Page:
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Pocket History of Evangelical Theology (Pocket (IVP)) Paperback – January 26, 2007
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"Concise, lucid and balanced." (David W. Bebbington, author of Evangelicalism in Modern Britain)
"A helpful essay that tells the story of his many-sided subject." (Gary Dorrien, author of The Remaking of Evangelical Theology)
"Roger Olson demonstrates that he is not only a formidable theologian in his own right but also one who has an uncommon command of the work of others." (Randall Balmer, author of Encyclopedia of Evangelicalism)
About the Author
Roger E. Olson (Ph.D., Rice University) is professor of theology at George W. Truett Theological Seminary of Baylor University in Waco, Texas. He is the author of The Story of Christian Theology: Twenty Centuries of Tradition & Reform (IVP), The Mosaic of Christian Belief: Twenty Centuries of Unity and Diversity (IVP) and The Westminster Handbook to Evangelical Theology (Westminster John Knox). He is also coauthor of 20th-Century Theology: God & the World in a Transitional Age and Who Needs Theology? An Invitation to the Study of God (both with Stanley J. Grenz, IVP), and of The Trinity (with Christopher A. Hall, Eerdmans).
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Top customer reviews
His first task in his Pocket History of Evangelical Theology is to try to provide a definition of the term evangelical. Why is this necessary? "Even some self-identified evangelical scholars have declared evangelical an essentially contested concept--an idea and category with no precise or agreed-on meaning" (p. 7). Olson's strategy is to provide an essentially historical account of the term's variety of senses. Etymologically, the term evangelical means "the good news" of the gospel (p. 8). In the next sense, the word "is simply synonymous with Protestant" (p. 8). Lutherans like to use it as the name of their denomination (the Evangelical Lutheran Church in America). Evangelical also identifies a Low Church party within the Church of England (p. 9), and hence it was associated with the Methodist movement. In another sense, the term refers to Pietism and especially that version found among the Moravian Brethren, as well as to the Great Awakening, where it applied to the message spread in revival efforts (p. 10). But evangelical eventually came to identify "conservative Protestant reaction to the rise of liberal Protestantism," and in this sense it came to be nearly synonymous with fundamentalism (p. 11).
The story Olson wishes to tell concerns that most recent meaning given to the word. In the 1940s and 1950s evangelical was used to identify a new postfundamentalist movement--a so-called Neo Evangelicalism, closely associated with Billy Graham (pp. 12-13).
Olson holds that the evangelicalism he describes "is a loose affiliation (coalition, network, mosaic, patchwork, family) of mostly Protestant Christians of many orthodox (Trinitarian) denominations and independent churches and parachurch organizations" (p. 14). This assertion is followed by a long list of beliefs and practices of a loose network of contemporary conservative Protestants, who share revivalist instincts and so forth (p. 15). What keeps the whole thing from flying apart is not some set of core beliefs but "the powerful unifying figure of evangelist Billy Graham" (p. 15). Olson calls this the "Graham glue" and wonders what will happen when it dissolves.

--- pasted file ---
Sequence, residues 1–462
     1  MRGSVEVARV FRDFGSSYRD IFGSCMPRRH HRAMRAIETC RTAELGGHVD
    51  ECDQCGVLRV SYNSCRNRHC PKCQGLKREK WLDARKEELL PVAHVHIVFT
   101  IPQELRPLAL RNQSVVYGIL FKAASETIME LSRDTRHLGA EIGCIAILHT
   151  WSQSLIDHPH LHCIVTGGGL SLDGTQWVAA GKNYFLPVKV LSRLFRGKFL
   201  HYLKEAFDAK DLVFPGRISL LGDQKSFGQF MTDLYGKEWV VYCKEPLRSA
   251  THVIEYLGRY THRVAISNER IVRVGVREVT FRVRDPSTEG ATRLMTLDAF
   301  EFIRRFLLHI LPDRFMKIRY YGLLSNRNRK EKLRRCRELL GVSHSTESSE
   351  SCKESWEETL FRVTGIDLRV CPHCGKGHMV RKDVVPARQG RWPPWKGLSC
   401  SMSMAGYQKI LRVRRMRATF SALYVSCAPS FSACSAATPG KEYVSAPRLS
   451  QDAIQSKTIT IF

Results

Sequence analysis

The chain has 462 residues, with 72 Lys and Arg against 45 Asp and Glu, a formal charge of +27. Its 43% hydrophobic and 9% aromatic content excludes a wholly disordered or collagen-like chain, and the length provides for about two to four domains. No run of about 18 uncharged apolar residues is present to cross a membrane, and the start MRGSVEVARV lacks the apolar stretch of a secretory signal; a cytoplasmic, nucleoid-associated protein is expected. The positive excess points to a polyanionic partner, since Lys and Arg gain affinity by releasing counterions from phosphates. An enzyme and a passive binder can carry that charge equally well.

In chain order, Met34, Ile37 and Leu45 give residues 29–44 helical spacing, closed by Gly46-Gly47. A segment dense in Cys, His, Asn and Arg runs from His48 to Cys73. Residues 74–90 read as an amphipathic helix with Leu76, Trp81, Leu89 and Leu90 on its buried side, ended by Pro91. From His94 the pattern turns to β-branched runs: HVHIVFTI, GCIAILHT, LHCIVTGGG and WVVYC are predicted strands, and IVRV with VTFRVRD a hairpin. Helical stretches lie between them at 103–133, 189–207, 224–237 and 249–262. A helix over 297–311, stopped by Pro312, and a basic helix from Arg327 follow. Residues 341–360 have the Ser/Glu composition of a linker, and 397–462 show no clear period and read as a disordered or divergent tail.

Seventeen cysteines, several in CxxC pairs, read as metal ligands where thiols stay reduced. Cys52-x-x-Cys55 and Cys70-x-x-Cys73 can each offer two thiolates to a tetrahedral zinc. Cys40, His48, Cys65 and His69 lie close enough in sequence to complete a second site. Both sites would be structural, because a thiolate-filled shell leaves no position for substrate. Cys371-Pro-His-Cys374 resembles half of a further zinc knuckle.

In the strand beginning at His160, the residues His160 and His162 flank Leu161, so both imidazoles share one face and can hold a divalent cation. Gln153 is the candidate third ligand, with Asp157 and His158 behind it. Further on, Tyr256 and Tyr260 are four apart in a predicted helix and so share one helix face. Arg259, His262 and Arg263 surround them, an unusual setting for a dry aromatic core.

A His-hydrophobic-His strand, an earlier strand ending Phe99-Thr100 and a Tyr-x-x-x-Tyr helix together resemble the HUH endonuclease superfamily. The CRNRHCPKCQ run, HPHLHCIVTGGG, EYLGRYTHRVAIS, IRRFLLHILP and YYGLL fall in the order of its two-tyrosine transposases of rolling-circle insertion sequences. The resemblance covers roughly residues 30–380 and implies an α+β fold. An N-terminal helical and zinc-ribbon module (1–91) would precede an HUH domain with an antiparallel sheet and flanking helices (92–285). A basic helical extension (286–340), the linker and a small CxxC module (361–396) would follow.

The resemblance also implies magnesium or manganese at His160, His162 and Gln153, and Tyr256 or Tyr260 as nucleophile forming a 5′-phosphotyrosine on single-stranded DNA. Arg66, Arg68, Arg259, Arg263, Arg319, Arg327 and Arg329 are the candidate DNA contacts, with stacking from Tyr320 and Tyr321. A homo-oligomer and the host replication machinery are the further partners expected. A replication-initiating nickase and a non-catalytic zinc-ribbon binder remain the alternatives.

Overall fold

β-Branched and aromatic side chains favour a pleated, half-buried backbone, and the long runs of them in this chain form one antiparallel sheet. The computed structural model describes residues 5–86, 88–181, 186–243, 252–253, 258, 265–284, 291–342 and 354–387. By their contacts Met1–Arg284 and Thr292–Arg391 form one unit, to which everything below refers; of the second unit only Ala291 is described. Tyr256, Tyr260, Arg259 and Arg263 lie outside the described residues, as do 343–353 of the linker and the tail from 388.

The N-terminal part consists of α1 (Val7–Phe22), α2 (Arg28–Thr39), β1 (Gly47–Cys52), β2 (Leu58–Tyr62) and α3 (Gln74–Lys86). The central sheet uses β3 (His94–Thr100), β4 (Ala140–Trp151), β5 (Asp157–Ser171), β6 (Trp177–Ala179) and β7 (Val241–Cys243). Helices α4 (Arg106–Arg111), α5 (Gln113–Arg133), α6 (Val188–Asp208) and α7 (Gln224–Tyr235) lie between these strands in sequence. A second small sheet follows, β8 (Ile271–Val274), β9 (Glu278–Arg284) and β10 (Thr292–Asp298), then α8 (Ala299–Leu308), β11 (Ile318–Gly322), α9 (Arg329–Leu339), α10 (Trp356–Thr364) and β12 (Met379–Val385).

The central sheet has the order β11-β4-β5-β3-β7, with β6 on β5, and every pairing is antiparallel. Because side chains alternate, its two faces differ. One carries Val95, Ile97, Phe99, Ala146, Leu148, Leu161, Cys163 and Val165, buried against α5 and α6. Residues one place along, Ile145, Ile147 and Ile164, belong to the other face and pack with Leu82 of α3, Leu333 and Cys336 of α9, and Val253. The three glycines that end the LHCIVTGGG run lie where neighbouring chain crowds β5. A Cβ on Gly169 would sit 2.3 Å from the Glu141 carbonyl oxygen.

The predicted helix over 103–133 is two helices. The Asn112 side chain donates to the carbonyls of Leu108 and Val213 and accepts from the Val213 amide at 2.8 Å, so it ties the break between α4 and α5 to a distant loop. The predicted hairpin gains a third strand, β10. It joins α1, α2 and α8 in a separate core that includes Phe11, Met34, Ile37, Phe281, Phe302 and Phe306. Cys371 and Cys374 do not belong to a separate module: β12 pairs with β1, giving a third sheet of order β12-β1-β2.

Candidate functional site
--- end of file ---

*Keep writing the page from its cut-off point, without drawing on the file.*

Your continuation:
Latter-day Saints probably encounter evangelicals who are essentially from the Reformed (or Calvinist) faction of the movement. This is especially true if they have been confronted by anti-Mormon countercult propaganda, but it is also true if they know conservative Protestantism only from some encounter with the recent "interfaith dialogues." There they will have faced TULIP (five-point Calvinism), but they will not have even a faint idea of the vast variety of competing opinions held by the large majority of those who consider themselves evangelicals. Olson's expert and learned narrative is a corrective for this deficiency in LDS understanding of the conservative Protestant world around them. The Holiness-Pentecostal element in the loose gathering under the evangelical umbrella is far more numerically significant than the Reformed element, with which Latter-day Saints are most familiar.
Olson describes the theologies of leading evangelical theologians, including Carl F. H. Henry (pp. 96-107), E. J. Carnell (pp. 108-11), Bernard Ramm (pp. 112-19), and Donald Bloesch (pp. 120-29). He ends this survey by describing what he calls the "postconservative evangelical theology" (pp. 130-40). In this setting, he introduces Clark Pinnock (pp. 132-38), who, as some Latter-day Saints are aware, espouses opinions close to their own. This is seen, for example, in his rejection of much of classical theism (advancing instead a version of an openness theology), his acceptance of narrative theology, his eschewing of traditional evangelical cessationism (the view that spiritual gifts like prophecy, healing, and tongues ceased early on in church history), and so forth.
As much as Olson prizes and even celebrates diversity among believers, he also longs for a center that can somehow hold all the competing and even warring factions together. However, in his final and most important chapter, in which he addresses the topic "Tensions in Evangelical Theology" (pp. 141-51), he reluctantly but essentially grants that the center simply does not hold. Hence contemporary evangelicalism is in flux, with dynamic forces (some of which involve nasty political and dogmatic powers that he cautiously identifies) on the verge of tearing the movement apart.
This crisp, clearly written little handbook is highly recommended for Latter-day Saints who are interested in or puzzled by what is taking place in conservative Protestant circles.